In an effort to update UK discrimination law, the Women and Equalities Committee of the UK Parliament (the Committee) has published its report following a yearlong inquiry into the legal aspects of enforcement across all protected characteristics and the effectiveness of the Equality and Human Rights Commission (EHRC) in fulfilling its enforcement role. Here we outline the report’s key recommendations and proposals.
Following the launch of an inquiry in July 2018 into the existing legislative framework and role of the EHRC, the Committee in its report of 30 July proposes radical changes to the way rights under the Equality Act 2010 (EA 2010) are enforced. The Committee sets out its concern that repeated breach of the EA 2010 occurs without challenge by regulators and governmental bodies, thereby creating a culture of normalisation and acceptance of discriminatory behaviour. While the Committee recognises that enforcement does occur to some extent, it concludes that the impact of such enforcement is insufficient to address systematic or routine discrimination experienced by victims. During the inquiry, complainants raised concerns with regard to enforcement of rights and protections in a number of areas, including pregnancy and maternity discrimination, transgender equality, disability, workplace dress codes, age discrimination, and sexual harassment in the workplace.
The Committee’s findings and proposed recommendations are underpinned by an important shift in culture, with the suggestion that in dealing with discrimination issues, the onus should lie with employers, public authorities, and service providers, rather than with individual employees as is currently the case. The EA 2010 sets out victims’ rights as regards to enforcement, including the legal avenues an individual must pursue to bring an equality claim before the courts, but the report suggests these are out of date and “no longer fit for purpose”. Notwithstanding its critique, the Committee recognises that individuals should retain the right to bring discrimination cases, but intends that the framework of protection and enforcement that sits behind those individual rights would be sufficient that such claims should rarely need to be made in practice.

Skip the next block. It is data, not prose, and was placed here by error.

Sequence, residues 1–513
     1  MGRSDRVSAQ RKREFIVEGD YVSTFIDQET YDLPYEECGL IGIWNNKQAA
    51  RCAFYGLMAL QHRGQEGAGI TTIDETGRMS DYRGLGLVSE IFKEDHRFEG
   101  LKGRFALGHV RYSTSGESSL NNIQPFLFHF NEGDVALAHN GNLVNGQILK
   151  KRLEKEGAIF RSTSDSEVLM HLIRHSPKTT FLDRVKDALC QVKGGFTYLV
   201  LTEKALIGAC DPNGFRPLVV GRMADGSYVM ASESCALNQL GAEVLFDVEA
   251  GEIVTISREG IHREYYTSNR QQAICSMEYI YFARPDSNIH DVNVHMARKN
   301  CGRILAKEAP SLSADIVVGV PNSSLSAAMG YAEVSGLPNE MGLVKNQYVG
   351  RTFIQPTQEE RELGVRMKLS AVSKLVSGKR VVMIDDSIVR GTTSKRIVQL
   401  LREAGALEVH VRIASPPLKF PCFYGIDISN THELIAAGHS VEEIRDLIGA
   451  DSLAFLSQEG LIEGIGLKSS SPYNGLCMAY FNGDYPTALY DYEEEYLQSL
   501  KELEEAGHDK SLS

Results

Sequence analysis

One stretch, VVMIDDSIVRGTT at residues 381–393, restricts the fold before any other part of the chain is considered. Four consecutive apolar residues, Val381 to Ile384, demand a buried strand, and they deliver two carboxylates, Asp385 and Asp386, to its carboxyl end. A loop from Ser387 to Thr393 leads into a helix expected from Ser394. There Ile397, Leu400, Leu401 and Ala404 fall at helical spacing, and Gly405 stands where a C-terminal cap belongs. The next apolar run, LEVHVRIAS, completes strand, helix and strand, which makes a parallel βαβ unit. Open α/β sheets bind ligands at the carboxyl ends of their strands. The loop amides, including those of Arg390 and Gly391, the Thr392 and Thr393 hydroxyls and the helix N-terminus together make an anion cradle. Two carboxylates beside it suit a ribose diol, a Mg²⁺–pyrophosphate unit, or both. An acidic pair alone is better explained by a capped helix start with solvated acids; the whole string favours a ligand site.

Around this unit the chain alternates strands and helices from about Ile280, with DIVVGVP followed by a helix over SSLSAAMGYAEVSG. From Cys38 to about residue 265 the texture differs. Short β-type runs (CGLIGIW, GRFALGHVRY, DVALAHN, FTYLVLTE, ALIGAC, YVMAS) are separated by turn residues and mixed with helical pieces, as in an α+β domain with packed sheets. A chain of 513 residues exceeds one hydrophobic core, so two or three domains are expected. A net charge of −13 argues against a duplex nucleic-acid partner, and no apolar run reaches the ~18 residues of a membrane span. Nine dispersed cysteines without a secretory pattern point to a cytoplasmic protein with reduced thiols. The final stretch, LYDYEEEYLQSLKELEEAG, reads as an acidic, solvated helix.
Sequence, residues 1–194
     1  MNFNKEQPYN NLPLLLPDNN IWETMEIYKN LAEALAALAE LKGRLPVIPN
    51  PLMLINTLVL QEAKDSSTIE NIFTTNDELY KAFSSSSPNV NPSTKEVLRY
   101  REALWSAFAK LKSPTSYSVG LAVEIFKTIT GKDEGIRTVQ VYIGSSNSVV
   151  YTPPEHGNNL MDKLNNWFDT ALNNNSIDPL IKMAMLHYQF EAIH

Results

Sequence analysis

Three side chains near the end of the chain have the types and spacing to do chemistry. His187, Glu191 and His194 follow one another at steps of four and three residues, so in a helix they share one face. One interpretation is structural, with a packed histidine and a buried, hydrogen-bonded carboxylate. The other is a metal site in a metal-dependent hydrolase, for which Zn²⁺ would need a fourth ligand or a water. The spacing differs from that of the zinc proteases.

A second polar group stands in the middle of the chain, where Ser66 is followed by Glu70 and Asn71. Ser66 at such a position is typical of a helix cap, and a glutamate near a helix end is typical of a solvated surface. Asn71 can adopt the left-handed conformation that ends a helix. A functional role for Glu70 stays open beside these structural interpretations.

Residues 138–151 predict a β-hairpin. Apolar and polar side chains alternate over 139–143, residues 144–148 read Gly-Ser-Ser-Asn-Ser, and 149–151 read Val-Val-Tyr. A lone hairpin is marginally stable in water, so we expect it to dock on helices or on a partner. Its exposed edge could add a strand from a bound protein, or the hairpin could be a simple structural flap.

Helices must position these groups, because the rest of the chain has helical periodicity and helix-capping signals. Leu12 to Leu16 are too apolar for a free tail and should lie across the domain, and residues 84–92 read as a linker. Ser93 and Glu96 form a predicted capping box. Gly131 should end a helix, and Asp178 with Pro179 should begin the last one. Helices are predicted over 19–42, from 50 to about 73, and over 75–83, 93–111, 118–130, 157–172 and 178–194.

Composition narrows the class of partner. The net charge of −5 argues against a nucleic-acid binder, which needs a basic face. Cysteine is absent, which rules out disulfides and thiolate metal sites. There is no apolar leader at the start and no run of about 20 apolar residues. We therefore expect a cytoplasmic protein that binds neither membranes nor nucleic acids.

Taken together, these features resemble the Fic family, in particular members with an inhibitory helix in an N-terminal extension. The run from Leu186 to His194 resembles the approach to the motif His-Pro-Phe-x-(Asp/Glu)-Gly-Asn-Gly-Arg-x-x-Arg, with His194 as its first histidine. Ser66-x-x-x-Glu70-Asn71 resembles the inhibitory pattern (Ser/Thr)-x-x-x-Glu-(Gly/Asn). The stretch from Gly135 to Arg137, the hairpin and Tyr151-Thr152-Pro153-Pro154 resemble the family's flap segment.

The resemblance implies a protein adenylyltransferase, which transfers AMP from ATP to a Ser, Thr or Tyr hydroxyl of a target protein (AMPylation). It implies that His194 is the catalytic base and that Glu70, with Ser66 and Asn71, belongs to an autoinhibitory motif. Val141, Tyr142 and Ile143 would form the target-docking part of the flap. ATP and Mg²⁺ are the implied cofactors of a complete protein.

The Committee’s key recommendations include:
While it is clear that the Committee’s latest recommendations are designed to discourage systematic breach of equality laws and encourage the EHRC to adopt a stricter approach to its enforcement role, the report provides limited practical guidance for employers. We expect the government’s response will set out with more specificity what will be required of the EHRC and employers going forward. From a practical perspective, and in order to mitigate risk, it is prudent for employers, public authorities, and service providers to ensure they have robust internal policies and procedures are in place to address equality concerns raised by employees, and that such concerns are acted on promptly and thoroughly.
It remains to be seen whether the EHRC is able to “overcome its timidity”, as the report claims, to use its unique powers and limited resources for “maximum impact”. There is very clearly a resourcing issue, which is likely to mean that for the time being, the EHRC will allocate its resources towards tackling the most strategically important cases and issues.
We will continue to provide updates on any new proposals in due course.
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